By Rich Pollack
HIGHLAND BEACH — The phone call came in the middle of that April 1970 night letting Jerry Goldmacher know that Apollo 13 was in trouble.
Mr. Goldmacher, the spacecraft manager at Grumman Aerospace for the lunar excursion module that would serve as a four-day lifeboat for three astronauts, and his team helped NASA figure out how to best utilize the LEM as a rescue vehicle after an explosion sidelined the space capsule.
His role in helping to bring the Apollo 13 crew home safely was one of many shining moments in the 40-year career of Mr. Goldmacher, a longtime Highland Beach resident who died Oct. 28. He was 93.
“He was a special person,” said John Ross, president of the Highland Beach Coastal Democratic Club, a friend of Mr. Goldmacher who met him through the organization. “He was a very humble man.”
Throughout his career at Grumman, which ended with his retirement as vice president of operations for the aerospace division in 1990, Mr. Goldmacher also served as lunar module spacecraft manager for Apollos 15, 16 and 17.
“He was a wonderful man who had wonderful relationships with others and was perfect for his role at Grumman,” said his daughter, Helen Sullivan. “There were some NASA contracts where they asked specifically for him.”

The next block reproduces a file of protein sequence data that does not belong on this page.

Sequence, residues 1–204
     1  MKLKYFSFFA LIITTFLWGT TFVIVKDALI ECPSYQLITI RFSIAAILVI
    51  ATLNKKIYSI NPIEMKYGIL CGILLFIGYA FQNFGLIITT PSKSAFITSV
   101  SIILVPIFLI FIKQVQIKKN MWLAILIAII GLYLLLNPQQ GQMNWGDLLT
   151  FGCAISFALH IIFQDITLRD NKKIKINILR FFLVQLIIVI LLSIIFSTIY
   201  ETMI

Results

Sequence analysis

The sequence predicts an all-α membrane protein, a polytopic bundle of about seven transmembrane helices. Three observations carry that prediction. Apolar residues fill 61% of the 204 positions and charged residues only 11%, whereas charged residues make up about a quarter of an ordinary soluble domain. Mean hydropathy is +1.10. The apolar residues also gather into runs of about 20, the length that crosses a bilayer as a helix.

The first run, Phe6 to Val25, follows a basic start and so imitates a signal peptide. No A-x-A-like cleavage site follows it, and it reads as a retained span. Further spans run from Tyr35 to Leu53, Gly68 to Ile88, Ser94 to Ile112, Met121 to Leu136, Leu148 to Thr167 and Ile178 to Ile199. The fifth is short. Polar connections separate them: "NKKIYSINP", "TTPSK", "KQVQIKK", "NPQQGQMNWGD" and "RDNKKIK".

Ross remembers that one of Mr. Goldmacher’s prize possessions was a small flag that had been to the moon, which guests could see as they entered the family’s Highland Beach apartment.
“Imagine being in the middle of saving Apollo 13,” Ross said. “Imagine the pressure.”
Mr. Goldmacher enlisted in the U.S. Marine Corps when he was 17 and fought in the Pacific during World War II. He was married to his wife, Ruth, for 70 years and was a loyal family man.
“He was a very smart, kind man and very devoted to my mother,” Sullivan said. “He was a wonderful role model for his children and his grandchildren.”
Although his work at Grumman was an important part of his life, Mr. Goldmacher was never fully defined by it. Early on he took up motorcycle riding, sailing and playing guitar and was an avid reader whose favorite book was Look Homeward, Angel by Thomas Wolfe.
An engineer and early feminist, Mr. Goldmacher was known to be meticulous in just about everything he did.
“My father was incredibly patient, he was very talented and very exacting,” Sullivan said. “He was quite deep — but never somber. In fact, he had an incredibly sunny, optimistic outlook on life, loved a good joke and was good at telling them.”
He also loved movies — Cool Hand Luke was among his favorites.
In addition to his wife and his daughter, Mr. Goldmacher is survived by his four grandchildren, Juliet, Olivia, Paige and Shane, son of Mr. Goldmacher’s only son, Paul, who died in 1986.
Mr. Goldmacher’s ashes will be interred at Arlington National Cemetery next year.